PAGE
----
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Valley of the Kings (Egypt)


Valley of the Kings Aerial View

Valley of the Kings Aerial View

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Definition: The Valley of the Kings is the name given to a long dry valley or wadi running parallel to the Nile River on the west bank opposite Luxor, Egypt. Selected by the architect of the New Kingdom pharaoh Thutmose I for his royal tomb, the valley eventually hosted the burial tombs of at least sixty-two New Kingdom pharaohs and ranking officials.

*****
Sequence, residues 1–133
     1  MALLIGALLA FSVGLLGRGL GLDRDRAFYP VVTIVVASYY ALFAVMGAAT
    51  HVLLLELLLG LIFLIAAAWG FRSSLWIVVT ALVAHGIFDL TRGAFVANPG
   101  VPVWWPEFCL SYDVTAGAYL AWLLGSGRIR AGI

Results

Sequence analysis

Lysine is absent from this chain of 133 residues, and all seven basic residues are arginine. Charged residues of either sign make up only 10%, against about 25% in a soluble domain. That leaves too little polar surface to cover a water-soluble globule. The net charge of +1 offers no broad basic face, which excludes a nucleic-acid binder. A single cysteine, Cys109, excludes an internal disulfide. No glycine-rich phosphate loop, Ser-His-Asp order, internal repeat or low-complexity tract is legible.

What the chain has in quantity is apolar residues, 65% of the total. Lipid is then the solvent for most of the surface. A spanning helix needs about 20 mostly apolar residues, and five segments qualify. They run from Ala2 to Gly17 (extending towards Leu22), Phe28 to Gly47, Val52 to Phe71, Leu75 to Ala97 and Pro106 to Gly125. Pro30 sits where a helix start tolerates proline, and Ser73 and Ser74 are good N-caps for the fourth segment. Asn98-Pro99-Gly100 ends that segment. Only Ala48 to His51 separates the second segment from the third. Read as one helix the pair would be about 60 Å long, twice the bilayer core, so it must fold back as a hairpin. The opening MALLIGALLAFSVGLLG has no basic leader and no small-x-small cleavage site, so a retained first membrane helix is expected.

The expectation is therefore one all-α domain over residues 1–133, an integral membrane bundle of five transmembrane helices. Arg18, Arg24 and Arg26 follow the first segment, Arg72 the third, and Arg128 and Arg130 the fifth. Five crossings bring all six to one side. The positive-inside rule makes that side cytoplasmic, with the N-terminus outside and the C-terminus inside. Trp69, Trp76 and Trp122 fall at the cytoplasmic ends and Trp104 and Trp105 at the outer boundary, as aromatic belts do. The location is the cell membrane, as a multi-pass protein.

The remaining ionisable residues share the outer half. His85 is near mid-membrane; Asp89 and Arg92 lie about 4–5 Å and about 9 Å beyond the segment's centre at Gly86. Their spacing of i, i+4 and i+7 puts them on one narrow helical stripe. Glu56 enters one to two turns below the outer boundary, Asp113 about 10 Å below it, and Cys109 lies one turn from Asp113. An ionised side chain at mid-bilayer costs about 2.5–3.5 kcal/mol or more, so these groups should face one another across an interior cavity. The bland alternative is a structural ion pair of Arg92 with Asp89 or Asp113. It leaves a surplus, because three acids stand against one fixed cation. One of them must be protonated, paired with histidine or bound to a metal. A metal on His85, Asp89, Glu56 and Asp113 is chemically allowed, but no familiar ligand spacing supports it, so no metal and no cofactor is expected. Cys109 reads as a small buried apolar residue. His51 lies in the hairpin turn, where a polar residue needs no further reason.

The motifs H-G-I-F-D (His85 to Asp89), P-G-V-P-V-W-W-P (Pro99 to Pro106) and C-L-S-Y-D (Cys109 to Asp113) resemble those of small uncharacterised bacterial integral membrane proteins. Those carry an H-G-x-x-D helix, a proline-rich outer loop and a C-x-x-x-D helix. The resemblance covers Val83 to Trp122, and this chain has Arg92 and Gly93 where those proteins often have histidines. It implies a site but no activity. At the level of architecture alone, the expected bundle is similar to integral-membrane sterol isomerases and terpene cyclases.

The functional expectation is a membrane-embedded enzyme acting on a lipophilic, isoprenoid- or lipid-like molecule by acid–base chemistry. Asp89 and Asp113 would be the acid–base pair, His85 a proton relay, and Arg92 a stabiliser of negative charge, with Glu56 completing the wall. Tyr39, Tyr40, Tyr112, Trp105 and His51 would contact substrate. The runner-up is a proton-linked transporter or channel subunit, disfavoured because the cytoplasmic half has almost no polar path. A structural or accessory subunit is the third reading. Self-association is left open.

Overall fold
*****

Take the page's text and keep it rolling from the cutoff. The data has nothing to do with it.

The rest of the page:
Important burials in the Valley of the Kings (abbreviated KV) include Tutankhamen (KV-62), Ramses II (KV-7), and the earliest of the tombs, Thutmose I (KV-20). While many of the tombs were opened shortly after their use, others were discovered in the 19th centuries by explorers such as Giovanni Belzoni, Victor Loret, Theodore Davis, and, of course, Howard Carter.


Baker, Rosalie F. and Charles F. Baker III. 2001. Ancient Egyptians: People of the Pyramids. Oxford University Press, Oxford.

Dodson, Aiden. 1996. Valley of the Kings in Brian Fagan (ed). 1996. The Oxford Companion to Archaeology. Oxford University Press, Oxford, UK.

This glossary entry is part of the Dictionary of Archaeology.

Also Known As: Wadi Biban el-Moluk

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